France’s Sapin Says No Doubt Now About Banks Leaving London

Michel Sapin, France's finance minister, arrives for a Eurogroup meeting of European finance ministers in Brussels, Belgium, on Monday, July 11, 2016. Europe urgently needs a 150 billion-euro ($166 billion) bailout fund to recapitalize its beleaguered banks, particularly those in Italy, Deutsche Bank AGs chief economist said in an interview with Welt am Sonntag. Photographer: Jasper Juinen/Bloomberg

French Finance Minister Michel Sapin said executives of major U.S. banks have told him that they are preparing to move some operations from London to other European Union cities as the U.K. prepares to quit the bloc.

Discussions about the future of Britain’s relationship with the EU dominated chatter on the sidelines of the Group of 20 and International Monetary Fund meetings in Washington last week and European finance ministers’ talks in Luxembourg on Monday and Tuesday, Sapin told journalists in Paris. The pound dropped to its lowest level in more than 30 years in recent days after Prime Minister Theresa May raised the specter of the the U.K. losing access to the single market, the economic backbone of the EU.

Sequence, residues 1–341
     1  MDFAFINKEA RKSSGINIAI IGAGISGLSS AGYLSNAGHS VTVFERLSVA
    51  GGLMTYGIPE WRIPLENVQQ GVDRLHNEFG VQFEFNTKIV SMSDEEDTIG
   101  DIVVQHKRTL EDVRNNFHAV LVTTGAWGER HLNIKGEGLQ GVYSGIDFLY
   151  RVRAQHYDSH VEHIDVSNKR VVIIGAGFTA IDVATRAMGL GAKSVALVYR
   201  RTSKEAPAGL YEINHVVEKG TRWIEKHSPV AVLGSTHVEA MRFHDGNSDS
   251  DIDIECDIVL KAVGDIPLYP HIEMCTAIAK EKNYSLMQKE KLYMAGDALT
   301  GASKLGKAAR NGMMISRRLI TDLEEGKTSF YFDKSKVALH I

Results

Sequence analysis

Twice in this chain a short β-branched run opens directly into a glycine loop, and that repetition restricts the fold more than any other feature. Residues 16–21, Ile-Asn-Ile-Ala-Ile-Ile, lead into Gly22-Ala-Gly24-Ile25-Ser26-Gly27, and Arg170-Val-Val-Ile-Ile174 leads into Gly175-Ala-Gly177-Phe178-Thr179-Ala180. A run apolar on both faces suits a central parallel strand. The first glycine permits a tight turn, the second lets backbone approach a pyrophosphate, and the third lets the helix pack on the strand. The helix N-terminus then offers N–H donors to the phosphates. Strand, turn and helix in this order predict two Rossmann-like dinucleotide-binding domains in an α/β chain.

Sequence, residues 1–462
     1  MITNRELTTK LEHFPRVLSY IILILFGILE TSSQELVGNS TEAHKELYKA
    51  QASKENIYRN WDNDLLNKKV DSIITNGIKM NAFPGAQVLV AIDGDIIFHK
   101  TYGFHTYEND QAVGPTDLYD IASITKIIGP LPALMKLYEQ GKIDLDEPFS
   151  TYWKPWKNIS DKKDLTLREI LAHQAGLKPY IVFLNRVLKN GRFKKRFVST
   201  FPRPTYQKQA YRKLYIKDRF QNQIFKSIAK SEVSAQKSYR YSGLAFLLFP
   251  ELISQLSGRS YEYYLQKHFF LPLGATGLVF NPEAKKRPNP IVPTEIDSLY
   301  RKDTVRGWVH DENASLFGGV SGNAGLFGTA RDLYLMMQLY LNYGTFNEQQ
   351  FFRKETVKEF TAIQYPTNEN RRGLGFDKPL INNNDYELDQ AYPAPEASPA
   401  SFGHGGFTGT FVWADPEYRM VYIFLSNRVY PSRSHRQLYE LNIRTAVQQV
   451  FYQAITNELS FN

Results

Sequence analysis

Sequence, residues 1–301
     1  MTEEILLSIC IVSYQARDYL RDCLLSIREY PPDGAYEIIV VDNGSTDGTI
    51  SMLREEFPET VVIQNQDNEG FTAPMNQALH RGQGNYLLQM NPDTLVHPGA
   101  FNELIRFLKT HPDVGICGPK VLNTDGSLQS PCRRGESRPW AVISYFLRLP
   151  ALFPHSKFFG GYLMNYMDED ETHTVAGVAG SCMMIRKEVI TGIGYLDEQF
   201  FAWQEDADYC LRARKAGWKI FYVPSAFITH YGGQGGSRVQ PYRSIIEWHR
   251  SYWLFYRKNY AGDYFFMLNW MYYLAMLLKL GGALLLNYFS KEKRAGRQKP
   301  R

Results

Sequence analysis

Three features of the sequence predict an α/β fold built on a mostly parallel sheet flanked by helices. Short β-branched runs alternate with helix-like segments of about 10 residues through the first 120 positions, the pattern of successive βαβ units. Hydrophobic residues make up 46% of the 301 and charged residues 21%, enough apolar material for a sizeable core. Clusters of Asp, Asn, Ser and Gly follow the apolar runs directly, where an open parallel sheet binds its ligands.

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“While in Washington I spoke to large American businesses and banks,” Sapin said at a press conference in Paris. “Until now their question was whether Brexit will happen or might it take longer than expected. That’s over. They are telling us clearly that there will be a transfer of activity. It’s no longer a question of if but when. I don’t know to what extent or which ones.”

May has promised to trigger Article 50 of the EU treaty to begin the two-year exit process by next March at the latest. The EU and its other member states have said they won’t enter into talks until that happens.

“At least we know it will happen by March,” Sapin said.

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